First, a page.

Franchise Council calls for Federal stability and uniform state laws

Franchising, and the small business sector more broadly, needs policies to stimulate investment and promote growth,  not saddle it with more regulation, according to the Franchising Council of Australia (FCA), which represents the $130billion franchising sector.

Steve Wright, FCA.

Stability and uniform national laws should be a focus of consideration of business needs as political negotiations to form the Australian Government over the next three years are thrashed out among Liberal, Labor, Independent and the Greens candiates.

FCA executive director Steve Wright said the FCA would be asking the Greens and the Independents to give serious thought to small business issues in their deliberations. 

"We need stability - we have just had a long review of franchising rules and the government implemented what it called sweeping reform on July 1," Mr Wright said. "We don't need the regulatory debate reopened. 

"And we certainly do not want different rules applying in different States, as is currently being proposed by Labor in South Australia," Mr Wright said.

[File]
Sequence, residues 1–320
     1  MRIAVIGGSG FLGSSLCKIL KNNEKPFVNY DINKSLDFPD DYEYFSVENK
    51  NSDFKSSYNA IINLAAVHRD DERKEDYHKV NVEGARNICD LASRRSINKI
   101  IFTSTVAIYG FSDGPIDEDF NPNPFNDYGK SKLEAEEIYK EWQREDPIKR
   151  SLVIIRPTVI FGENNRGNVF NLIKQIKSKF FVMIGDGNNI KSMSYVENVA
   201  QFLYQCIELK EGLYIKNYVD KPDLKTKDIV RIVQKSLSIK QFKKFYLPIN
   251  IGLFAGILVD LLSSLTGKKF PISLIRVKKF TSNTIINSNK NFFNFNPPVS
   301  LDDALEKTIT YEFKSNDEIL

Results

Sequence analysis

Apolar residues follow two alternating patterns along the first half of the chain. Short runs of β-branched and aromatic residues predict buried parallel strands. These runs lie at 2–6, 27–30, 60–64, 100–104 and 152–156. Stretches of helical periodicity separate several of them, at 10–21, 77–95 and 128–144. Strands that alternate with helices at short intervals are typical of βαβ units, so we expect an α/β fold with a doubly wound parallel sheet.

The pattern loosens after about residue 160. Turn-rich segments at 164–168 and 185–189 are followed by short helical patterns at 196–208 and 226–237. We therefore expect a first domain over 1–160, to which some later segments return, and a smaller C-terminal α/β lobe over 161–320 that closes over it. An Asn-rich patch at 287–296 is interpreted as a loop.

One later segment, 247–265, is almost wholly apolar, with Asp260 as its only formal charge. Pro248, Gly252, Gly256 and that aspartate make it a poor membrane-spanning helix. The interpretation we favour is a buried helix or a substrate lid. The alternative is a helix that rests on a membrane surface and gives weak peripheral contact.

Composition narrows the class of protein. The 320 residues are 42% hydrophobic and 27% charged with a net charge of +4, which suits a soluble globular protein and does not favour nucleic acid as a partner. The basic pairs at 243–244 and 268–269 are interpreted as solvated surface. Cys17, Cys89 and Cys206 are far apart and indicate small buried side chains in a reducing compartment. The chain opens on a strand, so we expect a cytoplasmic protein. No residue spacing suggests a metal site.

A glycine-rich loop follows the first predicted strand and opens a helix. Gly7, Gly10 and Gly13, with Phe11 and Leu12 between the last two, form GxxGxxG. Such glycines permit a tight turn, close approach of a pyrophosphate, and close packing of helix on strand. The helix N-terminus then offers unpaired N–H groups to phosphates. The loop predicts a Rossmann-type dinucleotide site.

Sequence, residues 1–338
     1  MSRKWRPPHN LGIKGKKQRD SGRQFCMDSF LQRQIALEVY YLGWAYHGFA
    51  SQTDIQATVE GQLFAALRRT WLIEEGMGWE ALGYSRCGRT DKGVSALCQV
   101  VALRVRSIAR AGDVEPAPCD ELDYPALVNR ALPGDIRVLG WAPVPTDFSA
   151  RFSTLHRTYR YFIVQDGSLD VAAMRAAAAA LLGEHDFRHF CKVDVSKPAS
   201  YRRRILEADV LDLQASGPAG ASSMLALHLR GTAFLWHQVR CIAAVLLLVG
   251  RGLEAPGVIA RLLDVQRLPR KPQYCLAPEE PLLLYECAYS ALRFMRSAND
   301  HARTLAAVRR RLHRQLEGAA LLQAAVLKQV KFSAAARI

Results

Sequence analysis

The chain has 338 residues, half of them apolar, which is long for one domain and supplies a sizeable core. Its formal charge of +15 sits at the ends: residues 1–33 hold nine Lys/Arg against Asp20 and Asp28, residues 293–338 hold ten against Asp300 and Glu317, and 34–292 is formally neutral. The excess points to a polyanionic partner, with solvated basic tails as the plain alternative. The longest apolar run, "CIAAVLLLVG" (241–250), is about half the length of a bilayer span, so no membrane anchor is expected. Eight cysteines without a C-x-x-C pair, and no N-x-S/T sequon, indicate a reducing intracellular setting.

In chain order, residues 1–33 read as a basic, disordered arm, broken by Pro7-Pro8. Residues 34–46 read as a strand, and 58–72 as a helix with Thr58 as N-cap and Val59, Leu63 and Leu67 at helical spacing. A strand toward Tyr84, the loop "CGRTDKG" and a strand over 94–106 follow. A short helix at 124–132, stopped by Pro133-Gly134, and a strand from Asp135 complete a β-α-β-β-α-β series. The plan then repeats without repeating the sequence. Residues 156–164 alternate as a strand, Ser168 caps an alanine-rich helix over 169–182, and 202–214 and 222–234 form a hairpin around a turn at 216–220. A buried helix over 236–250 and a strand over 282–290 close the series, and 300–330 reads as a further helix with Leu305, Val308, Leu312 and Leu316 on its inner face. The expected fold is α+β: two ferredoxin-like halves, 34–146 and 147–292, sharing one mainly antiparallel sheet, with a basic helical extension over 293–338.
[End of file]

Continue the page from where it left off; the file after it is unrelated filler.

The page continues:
The South Australian (SA) franchise sector is being threatened by a proposed new set of state-based franchising rules which have drawn strong opposition from leaders in the SA and national franchising sector. 

An FCA member survey found 95 percent opposition to the proposed changes and franchisor, franchisee and supplier members of the FCA have petitioned the SA Government against it.

Mr Wright said franchising had been regulated nationally for its entire 30-year history in Australia.

"To suggest different rules for SA was a ‘Back to the Future' move which harked back to the days when South Australia had a narrow-gauge railway system, at odds with the rest of the country," Mr Wright said.

"Obviously this is not good for economic efficiency or business investment in SA. And this is precisely what our survey found -- 84 percent of respondents told us they believed the proposed rules would detract from the value of franchise systems in SA. Close to 80 percent indicated that if implemented, the legislation would influence their attitudes towards investment in the state."

The FCA objected to the SA Franchising Bill when it was introduced by SA MP Tony Piccolo in the last SA Parliament, before the last state election.

"There is no upside to this legislation - it would be disastrous for franchisors, franchisees and damaging to the South Australian economy broadly," Mr Wright said.


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